As the progeny of country music royalty—his dad is the legendary Waylon Jennings; his mom, ‘70s hit maker Jessi Colter—it’s no big surprise that Shooter Jennings has spent the last couple of decades making sure everyone knows he has interests far beyond twang. He moved to Los Angeles, formed a rock band, played his dad in a movie, collaborated with author Stephen King, dabbled in spoken word and released a tribute album to electronic music pioneer Giorgio Moroder.
He made country music and roots-rock along the way, too, most notably his 2005 debut, Put the “O” Back in Country, produced by a young Dave Cobb, who is now the most in-demand producer in Nashville, thanks to his work on records by Sturgill Simpson, Jason Isbell and Chris Stapleton. Cobb and Jennings also co-produced Brandi Carlile’s most recent album By the Way, I Forgive You, probably her best yet.
The point is: Cobb and Jennings make good roots music together, and they were working on Carlile’s record when they had the idea to record another straightforward country album. That record is called, simply, Shooter, and it’s a collection of rollicking good-times jams and mixed-bag ballads. It’s also a reminder of how good Jennings can be when he focuses his efforts where his strengths lie.
For example: bruising, brawling, blues-rock barnburners like opening track “Bound Ta Git Down,” which moves at punk speed, features a swaggering horn section and references Guns N’ Roses and Marilyn Manson. “Make Hank proud,” Jennings sings in the chorus. “Get drunk! Get loud!” He sounds like a man in his natural habitat.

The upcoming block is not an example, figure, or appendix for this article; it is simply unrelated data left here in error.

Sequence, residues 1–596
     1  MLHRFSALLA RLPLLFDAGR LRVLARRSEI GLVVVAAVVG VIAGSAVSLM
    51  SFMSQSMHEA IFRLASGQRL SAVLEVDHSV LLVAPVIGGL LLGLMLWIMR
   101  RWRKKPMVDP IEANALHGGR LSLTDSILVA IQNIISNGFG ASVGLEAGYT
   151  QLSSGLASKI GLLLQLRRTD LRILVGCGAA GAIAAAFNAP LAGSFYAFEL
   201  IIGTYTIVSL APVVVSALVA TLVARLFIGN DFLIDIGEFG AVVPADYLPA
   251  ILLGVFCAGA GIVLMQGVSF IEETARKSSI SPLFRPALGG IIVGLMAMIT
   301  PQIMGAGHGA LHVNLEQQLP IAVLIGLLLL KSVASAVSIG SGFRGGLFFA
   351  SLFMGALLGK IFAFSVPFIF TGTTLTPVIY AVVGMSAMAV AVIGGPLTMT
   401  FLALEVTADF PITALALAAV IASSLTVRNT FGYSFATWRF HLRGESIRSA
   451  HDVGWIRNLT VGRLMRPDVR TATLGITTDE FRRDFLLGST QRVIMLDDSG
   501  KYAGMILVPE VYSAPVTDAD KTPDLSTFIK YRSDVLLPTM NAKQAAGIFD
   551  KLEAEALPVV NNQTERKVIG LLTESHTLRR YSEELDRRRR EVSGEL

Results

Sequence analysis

Elsewhere, “D.R.U.N.K.” is an ultra-twangy ode to the “ragged life of ruin” and a pitch-perfect throwback to the hard-drinking heyday of country, back when beers went down the hatch, not into coolers in the back of pickup trucks. And the stripped-down arrangement of “Rhinestone Eyes” highlights its main melody, which feels instantly familiar.
Among the slower tunes, the clear highlights are “Living in a Minor Key,” a beautiful George Jones-y waltz, and closing track “Denim & Diamonds,” a simmering working-class anthem that sounds like it could’ve been plucked from a mid-’80s Hank Williams Jr. album. Cobb’s retro production permeates Shooter, but it practically leaps from the speakers here.
Even on Shooter’s best songs, it feels like Jennings walks a thin line between cool and corny, and sometimes he tumbles off onto the wrong side. “Do You Love Texas” is intended as a fun love song for the Lone Star State, but it ends up a jumble of ideas that looks better on paper than it sounds. “Shades & Hues” suffers from an awkward melody in the chorus, and even for outlaw country, the concept behind “I’m Wild & My Woman is Crazy” is regrettable.
So Shooter isn’t perfect, but it’s a good, solid collection of satisfying songs. And for those who’ve been waiting for Jennings to re-embrace his country-music birthright, it’ll be more than enough. Now he can wander some more, if he wants to.